As Egypt’s revolution hangs in the balance, what factors are most likely to determine the outcome? While all eyes seem to be focused on the army, watching to see which way it will jump, other key questions are being overlooked.
Of course, what the army does is important. Splits in a military-supported authoritarian regime can create gaps between the temporary interests of the small group closest to the “military as government” and the long-term interest of the “military as institution,” which is to be a respected part of the state and nation.
The Egyptian army’s statement early in the protests that its soldiers would not shoot at protesters against Egyptian President Hosni Mubarak was a classic “military as institution” move and useful in itself for a democratic transition. By contrast, the army’s decision to allow Mubarak loyalists — some riding camels or horses — to charge into Cairo’s Tahrir Square and attack thousands of anti-government demonstrators was a classic “military as government” move.
At this point, a democratic transition will most likely require that the army play a more active role in protecting protesters. What is clear is that the interest of the “military as institution” depends on the army’s ability to establish much greater separation from the regime.
Successful political transitions are also helped if more and more citizens come to feel that they “own” the protests and the resulting transition. In this respect, the fact that the demand for Mubarak’s immediate resignation originated from Tahrir Square rather than from the US administration is a positive development.
Many of the opposition groups, representing a broad spectrum of opinion — including a traditional liberal party, the Islamist Muslim Brotherhood, and the Facebook activists of the April 6 Youth Movement — have indicated that they might support an interim government, possibly one led by the Nobel Peace Prize winner Mohamed ElBaradei.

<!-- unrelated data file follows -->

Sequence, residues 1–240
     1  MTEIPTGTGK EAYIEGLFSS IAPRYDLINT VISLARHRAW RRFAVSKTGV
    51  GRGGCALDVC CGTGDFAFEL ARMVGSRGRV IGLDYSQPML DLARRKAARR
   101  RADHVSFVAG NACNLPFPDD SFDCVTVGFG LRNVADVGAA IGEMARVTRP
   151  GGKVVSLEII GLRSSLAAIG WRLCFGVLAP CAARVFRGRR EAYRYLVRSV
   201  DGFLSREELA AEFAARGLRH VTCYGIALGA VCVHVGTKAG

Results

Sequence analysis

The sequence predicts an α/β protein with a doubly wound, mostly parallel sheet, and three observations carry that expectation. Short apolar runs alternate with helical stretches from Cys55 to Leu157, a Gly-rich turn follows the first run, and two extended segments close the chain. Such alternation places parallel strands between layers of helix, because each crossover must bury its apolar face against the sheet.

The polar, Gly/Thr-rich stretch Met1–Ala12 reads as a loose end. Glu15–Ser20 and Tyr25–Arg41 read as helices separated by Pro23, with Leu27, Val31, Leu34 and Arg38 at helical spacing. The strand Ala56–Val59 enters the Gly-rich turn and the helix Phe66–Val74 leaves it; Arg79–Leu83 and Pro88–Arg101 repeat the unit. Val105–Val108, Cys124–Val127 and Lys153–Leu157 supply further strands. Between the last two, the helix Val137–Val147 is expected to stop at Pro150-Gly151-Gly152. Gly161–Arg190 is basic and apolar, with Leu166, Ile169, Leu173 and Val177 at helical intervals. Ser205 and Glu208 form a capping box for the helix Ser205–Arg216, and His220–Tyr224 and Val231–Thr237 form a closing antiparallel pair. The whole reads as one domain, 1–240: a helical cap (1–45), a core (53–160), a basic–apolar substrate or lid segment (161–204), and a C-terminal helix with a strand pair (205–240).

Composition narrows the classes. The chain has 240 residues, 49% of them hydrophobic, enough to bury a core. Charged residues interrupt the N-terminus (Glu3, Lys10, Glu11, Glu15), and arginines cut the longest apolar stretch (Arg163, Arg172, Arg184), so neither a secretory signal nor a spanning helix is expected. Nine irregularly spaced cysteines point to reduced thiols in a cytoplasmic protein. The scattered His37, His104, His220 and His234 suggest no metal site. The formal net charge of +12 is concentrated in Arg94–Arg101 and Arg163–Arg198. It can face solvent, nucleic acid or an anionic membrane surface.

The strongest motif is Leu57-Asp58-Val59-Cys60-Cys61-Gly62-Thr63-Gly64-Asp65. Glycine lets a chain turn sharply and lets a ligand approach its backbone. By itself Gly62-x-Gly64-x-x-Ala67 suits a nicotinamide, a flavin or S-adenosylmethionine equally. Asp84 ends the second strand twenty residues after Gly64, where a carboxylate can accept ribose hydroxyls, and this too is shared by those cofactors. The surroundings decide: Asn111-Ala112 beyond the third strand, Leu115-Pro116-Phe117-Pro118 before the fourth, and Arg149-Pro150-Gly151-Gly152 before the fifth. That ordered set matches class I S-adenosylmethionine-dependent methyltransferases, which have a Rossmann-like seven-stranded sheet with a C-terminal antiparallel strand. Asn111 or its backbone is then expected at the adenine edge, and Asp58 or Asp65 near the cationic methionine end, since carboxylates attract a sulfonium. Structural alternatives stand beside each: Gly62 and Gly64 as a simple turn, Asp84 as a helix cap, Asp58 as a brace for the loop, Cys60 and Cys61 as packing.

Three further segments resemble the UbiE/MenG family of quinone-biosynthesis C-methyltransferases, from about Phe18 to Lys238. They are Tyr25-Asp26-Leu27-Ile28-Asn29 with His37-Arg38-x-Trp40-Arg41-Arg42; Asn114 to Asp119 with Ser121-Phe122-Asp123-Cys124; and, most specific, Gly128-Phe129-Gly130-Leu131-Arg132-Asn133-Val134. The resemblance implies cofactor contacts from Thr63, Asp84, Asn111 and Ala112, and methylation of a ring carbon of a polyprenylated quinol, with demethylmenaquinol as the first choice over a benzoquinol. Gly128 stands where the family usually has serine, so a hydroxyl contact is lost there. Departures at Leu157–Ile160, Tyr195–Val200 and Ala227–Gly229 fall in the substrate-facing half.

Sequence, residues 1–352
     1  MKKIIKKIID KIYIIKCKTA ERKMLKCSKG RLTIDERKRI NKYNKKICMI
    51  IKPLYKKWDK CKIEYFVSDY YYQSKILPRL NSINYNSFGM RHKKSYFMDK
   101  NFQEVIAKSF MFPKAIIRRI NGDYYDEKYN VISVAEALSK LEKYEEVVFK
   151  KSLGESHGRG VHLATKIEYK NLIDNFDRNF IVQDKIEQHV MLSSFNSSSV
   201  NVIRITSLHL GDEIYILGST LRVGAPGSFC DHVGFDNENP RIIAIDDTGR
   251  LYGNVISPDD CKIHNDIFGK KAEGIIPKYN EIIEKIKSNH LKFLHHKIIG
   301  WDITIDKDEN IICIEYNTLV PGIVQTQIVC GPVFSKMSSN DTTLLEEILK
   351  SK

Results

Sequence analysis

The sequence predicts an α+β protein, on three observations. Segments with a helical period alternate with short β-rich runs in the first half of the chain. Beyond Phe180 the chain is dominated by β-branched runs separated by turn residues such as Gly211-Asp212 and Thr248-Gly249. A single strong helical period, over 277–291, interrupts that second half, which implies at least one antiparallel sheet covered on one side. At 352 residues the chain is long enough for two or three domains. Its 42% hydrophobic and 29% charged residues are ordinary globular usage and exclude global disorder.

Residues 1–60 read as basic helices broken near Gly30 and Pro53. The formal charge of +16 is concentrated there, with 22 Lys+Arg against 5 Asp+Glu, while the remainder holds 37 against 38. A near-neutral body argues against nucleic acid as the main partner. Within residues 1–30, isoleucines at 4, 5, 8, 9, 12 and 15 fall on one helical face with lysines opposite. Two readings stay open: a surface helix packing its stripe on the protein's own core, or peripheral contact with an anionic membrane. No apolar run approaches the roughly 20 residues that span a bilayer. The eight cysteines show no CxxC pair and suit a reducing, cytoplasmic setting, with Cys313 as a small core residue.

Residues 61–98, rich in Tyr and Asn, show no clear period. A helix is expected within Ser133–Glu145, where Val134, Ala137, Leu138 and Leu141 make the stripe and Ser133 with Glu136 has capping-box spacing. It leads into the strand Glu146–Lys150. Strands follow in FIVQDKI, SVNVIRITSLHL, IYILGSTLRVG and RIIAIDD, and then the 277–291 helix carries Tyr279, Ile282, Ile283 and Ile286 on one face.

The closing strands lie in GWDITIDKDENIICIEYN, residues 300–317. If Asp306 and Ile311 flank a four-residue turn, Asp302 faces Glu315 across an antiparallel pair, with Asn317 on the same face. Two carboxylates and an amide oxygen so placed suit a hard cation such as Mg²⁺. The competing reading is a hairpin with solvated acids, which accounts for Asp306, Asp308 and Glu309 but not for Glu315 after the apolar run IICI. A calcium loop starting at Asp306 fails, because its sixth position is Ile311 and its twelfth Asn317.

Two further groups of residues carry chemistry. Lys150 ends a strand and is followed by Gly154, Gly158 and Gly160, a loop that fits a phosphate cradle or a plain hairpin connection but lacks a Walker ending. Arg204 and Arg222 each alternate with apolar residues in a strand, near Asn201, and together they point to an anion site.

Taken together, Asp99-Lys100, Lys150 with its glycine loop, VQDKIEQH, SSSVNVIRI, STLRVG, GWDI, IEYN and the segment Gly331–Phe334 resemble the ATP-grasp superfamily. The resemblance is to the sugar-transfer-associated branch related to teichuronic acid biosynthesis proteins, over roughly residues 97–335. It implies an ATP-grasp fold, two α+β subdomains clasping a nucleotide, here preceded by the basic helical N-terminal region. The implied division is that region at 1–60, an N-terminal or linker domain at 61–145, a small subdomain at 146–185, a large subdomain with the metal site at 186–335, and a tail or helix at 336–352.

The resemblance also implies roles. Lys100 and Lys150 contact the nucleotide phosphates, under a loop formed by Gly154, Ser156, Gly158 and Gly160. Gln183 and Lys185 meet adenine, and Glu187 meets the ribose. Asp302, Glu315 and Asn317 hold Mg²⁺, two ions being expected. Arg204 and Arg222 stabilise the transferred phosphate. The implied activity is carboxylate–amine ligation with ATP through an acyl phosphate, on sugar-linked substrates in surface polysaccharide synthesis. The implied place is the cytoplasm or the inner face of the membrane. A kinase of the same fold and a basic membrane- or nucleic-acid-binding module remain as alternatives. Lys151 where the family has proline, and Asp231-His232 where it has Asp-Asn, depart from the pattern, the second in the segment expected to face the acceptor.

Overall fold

However, in order to choose a leader, these groups must coalesce into a coherent force. Great civil-society protest movements — such as have occurred in Egypt and Tunisia — can overthrow a dictatorship, but a true democracy requires parties, negotiations, election rules and agreement on constitutional changes. In most successful transitions, the first step toward forging the unity required to create an interim government is taken when the diverse groups begin to meet more often, develop common strategies and issue collective statements.
Regardless of who leads it, there are some things an interim government should not do. Judging by the transitions that we have studied, a successful democratic outcome stands the best chance if the interim government does not succumb to the temptation to extend its mandate or write a new constitution itself. The interim government’s key political task should be to organize free and fair elections, making only those constitutional changes needed to conduct them. Writing a new constitution is best left to the incoming, popularly elected parliament.
Most activists and commentators are now asking who will or should be the next president. But why assume that a presidential political system, headed by a powerful unitary executive, will be instituted? Of the eight post-communist countries that are now in the EU, not one chose such a system. All of them established some form of parliamentary system, in which the government is directly accountable to the legislature and the president’s powers are limited (and often largely ceremonial).